One key lesson I’ve learned from working with the Adroit Journal is that the taste of any given editor is never universal. Our team of poetry editors consists of five people, and our discussions of submissions also include the editor in chief and the executive editor. When we review the list of submissions that have made it to the final step before publication, we have active, passionate conversations about each poet’s work. We often disagree, argue, and even attempt to convince one another that our favorite work should be accepted. Remembering these editorial debates has served as a salve and a reminder in my own practice as a poet that any work’s acceptance involves such a rare confluence of events: meeting the individual tastes of editors, the editorial priorities of a given publication or issue, and the readiness of your own writing.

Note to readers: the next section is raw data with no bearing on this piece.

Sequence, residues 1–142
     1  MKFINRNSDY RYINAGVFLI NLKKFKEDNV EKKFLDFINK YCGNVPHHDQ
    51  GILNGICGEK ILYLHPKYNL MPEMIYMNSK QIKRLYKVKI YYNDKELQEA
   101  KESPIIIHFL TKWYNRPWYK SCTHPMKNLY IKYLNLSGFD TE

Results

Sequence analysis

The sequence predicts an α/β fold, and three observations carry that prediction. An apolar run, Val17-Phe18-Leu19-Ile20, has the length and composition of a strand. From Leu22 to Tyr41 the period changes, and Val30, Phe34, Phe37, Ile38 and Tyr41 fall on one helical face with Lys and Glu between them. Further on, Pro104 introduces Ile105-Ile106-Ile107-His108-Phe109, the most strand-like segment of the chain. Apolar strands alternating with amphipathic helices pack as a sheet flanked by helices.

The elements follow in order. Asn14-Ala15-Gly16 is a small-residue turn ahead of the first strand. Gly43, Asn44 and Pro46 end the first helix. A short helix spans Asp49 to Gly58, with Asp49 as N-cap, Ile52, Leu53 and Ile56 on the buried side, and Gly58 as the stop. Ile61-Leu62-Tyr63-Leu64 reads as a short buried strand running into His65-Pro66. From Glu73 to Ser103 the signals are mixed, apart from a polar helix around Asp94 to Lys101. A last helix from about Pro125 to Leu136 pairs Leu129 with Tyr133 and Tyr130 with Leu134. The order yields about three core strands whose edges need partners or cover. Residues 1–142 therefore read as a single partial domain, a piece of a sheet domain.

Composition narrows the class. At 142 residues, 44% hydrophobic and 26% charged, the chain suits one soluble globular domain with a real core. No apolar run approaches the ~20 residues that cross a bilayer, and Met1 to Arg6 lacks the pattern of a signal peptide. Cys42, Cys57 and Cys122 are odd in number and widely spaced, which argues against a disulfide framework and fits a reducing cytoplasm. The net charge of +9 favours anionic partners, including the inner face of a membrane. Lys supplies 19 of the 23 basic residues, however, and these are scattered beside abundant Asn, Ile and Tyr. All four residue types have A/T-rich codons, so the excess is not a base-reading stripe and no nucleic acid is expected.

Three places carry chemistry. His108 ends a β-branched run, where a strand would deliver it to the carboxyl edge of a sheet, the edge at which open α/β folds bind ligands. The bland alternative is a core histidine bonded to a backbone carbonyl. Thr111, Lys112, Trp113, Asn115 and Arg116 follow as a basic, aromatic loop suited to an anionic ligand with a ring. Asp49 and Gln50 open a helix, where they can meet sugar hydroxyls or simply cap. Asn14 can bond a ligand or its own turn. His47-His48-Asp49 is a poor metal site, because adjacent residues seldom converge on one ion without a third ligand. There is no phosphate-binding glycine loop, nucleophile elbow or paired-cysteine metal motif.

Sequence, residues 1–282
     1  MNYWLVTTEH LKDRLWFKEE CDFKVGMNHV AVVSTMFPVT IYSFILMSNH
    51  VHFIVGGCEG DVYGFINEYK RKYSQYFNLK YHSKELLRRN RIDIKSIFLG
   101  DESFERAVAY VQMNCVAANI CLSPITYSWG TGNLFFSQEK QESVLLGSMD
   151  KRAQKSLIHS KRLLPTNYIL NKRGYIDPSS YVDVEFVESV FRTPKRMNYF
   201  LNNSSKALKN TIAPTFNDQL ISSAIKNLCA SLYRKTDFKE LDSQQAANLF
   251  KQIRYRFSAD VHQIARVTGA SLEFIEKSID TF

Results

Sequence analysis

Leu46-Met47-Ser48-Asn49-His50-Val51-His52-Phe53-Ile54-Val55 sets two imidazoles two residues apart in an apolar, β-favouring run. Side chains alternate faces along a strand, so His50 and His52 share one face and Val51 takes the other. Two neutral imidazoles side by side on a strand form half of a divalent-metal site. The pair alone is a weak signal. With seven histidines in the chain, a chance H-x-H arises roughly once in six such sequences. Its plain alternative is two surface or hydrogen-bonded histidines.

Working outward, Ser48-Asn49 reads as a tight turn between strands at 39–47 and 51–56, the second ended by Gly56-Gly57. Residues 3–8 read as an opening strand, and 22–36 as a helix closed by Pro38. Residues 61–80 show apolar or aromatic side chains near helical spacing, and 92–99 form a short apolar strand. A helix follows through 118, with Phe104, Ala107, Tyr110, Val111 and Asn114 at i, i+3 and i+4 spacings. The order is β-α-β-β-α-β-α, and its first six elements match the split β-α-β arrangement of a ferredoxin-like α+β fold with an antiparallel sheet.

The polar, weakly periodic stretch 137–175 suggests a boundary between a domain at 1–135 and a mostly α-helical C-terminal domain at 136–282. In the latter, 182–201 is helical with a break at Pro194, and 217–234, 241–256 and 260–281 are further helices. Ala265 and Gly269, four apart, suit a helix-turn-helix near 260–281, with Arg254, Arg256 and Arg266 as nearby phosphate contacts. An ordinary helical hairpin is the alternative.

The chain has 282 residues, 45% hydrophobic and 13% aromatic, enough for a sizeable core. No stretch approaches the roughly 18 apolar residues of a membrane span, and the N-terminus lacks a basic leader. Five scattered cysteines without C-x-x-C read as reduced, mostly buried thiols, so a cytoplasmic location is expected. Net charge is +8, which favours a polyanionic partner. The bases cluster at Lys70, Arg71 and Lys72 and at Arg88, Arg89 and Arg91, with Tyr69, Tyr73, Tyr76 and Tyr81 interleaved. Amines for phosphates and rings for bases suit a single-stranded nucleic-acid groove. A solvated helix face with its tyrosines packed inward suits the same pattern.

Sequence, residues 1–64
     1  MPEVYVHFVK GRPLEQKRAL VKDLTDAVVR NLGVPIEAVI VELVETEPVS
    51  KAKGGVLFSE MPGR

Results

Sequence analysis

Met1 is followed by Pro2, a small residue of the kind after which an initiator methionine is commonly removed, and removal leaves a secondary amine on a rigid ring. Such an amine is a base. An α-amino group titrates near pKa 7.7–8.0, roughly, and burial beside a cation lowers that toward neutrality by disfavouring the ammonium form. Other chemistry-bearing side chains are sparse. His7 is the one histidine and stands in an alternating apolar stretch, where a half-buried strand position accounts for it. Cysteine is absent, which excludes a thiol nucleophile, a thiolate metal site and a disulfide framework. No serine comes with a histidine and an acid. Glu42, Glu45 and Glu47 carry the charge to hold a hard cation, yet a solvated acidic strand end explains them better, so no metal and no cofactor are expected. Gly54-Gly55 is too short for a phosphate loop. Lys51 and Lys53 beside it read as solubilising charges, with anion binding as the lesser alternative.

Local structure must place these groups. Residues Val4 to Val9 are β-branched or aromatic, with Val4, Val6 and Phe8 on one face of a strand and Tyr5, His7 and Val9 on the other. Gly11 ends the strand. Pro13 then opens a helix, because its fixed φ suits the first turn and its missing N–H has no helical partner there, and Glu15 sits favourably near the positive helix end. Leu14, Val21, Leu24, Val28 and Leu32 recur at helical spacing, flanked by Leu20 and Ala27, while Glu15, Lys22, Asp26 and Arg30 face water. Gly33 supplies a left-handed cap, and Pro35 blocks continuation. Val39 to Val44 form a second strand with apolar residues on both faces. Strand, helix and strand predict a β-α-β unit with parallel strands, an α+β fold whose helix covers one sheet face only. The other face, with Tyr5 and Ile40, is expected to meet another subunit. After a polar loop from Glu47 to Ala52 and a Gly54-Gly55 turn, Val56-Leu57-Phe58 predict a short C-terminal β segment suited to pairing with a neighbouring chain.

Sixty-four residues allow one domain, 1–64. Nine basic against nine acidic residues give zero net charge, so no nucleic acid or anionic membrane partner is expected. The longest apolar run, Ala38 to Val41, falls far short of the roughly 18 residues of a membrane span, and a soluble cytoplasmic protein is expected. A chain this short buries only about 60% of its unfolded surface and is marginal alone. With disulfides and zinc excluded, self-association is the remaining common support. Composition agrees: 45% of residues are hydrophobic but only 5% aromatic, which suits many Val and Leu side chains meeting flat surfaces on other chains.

My advice to writers looking to submit their work anywhere is to not rush the process. Allow the time you need for something truly special to form. Many times, editors will love most of a poem, for instance, but intuit that the ending is rushed or that a central line confuses the general meaning of the work. Consider the magazine to which you are submitting the piece and why. Finally, one credo passed along to me that I wholeheartedly believe in is that sometimes rejection can be a form of protection. At times I’ll look back and be grateful that a piece I submitted wasn’t published. Publication, as thrilling and essential as it may be, should not be the sole reason for something to be written. Write it because you need it made, then the right readers will arrive.
—Francisco Márquez, poetry editor, the Adroit Journal